I step outside the cottage into the crisp morning air, in one hand I carry a cup of coffee, in the other Annie Dillard's collection of essays Pilgrim at Tinker Creek. The early morning sun glimmers on the placid surface of New Hampshire's Newfound Lake providing a perfect, peaceful setting to catch up on my summer reading. Accompanied by the cup of coffee, I sit facing the lake, open the book, and read a few pages. Suddenly, I come to one statement
In her essay, "Seeing," Dillard writes: "There are lots of things to see, unwrapped gifts and free surprises. The world is fairly studded and strewn with pennies cast broadside from a generous hand." I read this statement, look up from the pages and stare silently across the lake. I simply stare; all of my senses are working overtime, absorbing the beauty of my surroundings. The smell of pine fills my nostrils; a warm breeze brushes across my motionless face; a small bass leaps from the water, producing tiny circular ripples which grow larger and larger as they spread silently along the still surface of the lake; the haunting cry of a distant loon echoes in my ears. I gather these "pennies," and graciously accept the "unwrapped gifts" that the serene lake offers me. I am awake, alert. I think it must be the coffee, but I know it is not. I lift my eyes from the water, and stare across the lake at the wooded hills trying to imagine the lake's appearance from the ridge that hovers above the lake's edge. I lift my eyes again; this time they become fixated on the wispy clouds that decorate the sky. The clouds still hold a slight tinge of red as the sun has not fully risen. I observe the clouds as they float above the hills, above the lake, and above me. I watch them turn from red to orange, and then to the familiar white with the rise of the sun. I am awe-struck, amazed, and curious.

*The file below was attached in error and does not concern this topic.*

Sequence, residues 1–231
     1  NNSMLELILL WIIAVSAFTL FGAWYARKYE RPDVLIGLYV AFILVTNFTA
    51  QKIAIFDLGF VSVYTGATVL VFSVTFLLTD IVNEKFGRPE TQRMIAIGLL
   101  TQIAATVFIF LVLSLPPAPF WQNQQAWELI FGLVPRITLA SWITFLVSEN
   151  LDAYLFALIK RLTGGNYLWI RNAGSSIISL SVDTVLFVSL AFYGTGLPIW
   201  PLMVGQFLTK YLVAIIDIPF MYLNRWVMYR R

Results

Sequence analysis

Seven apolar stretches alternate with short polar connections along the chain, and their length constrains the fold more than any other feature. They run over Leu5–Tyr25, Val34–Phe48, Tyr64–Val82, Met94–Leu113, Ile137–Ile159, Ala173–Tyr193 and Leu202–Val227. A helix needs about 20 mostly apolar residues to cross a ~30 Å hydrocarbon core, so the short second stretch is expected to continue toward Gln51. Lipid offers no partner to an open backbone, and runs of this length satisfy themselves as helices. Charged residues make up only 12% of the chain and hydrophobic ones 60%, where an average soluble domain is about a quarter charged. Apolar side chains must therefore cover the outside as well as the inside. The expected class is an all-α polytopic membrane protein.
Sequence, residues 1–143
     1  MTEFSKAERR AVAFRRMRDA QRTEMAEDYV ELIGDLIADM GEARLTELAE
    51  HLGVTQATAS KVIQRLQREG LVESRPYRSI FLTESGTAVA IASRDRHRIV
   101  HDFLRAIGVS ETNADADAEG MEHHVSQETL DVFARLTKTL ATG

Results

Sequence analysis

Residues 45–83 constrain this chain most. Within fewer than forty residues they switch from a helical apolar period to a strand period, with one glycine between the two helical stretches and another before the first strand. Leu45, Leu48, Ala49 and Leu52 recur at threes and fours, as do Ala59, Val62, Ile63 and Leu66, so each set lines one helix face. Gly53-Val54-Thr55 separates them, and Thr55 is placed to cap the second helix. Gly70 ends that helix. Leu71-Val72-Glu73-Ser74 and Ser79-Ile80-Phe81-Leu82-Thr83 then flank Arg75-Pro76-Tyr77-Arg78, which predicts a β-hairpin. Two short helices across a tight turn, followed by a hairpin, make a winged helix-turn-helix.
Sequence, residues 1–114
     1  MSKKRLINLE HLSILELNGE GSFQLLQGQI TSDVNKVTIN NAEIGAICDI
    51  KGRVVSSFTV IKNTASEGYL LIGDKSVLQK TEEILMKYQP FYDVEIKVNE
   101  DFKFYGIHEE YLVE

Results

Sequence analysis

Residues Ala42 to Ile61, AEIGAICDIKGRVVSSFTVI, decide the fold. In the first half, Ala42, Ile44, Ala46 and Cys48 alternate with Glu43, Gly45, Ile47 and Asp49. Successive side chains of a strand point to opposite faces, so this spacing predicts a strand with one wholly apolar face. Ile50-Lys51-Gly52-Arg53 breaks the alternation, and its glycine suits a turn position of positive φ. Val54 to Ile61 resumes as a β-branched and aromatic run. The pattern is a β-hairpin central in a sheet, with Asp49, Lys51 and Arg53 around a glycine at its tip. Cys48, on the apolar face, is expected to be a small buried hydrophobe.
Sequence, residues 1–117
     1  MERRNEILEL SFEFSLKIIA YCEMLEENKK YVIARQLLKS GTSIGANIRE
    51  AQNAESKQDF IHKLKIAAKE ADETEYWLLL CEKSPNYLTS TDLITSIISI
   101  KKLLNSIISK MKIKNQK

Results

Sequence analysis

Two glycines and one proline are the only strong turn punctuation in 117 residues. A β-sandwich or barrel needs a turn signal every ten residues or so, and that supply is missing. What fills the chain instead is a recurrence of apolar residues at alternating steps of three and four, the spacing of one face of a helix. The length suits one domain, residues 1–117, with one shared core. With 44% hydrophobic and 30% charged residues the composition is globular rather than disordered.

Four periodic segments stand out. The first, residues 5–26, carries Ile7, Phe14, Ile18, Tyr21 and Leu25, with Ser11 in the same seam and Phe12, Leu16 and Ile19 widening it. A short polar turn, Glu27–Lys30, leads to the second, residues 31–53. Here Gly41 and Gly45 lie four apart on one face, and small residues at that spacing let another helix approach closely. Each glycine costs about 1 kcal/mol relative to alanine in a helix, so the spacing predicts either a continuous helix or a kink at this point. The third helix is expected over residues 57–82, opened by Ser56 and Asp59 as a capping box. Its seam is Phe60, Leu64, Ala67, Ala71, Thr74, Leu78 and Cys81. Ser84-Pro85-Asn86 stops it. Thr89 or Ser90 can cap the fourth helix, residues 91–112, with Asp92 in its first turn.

That morning I sat and did nothing but observe; I observed everything and anything; I incorporated all of my senses, focused on my surroundings, and thought. This silent observation and reflection made me appreciate my surroundings, and the minute details that are often overlooked; it also made me quite curious. Why was the loon crying? Why does the pine tree smell the way it does? Why does the wind blow? I needed to know the answers. I was craving exploration ... I was craving knowledge. In those twenty minutes I learned a lesson that I will use throughout my life and never forget. It is a lesson that one can learn only through experience. So, observe: observe nature, people, and yourself, look at the details, accept the world's "unwrapped gifts," gather the "pennies." You will feel the curiosity ... you will feel the cravings.-
This piece has been published in Teen Ink’s monthly print magazine.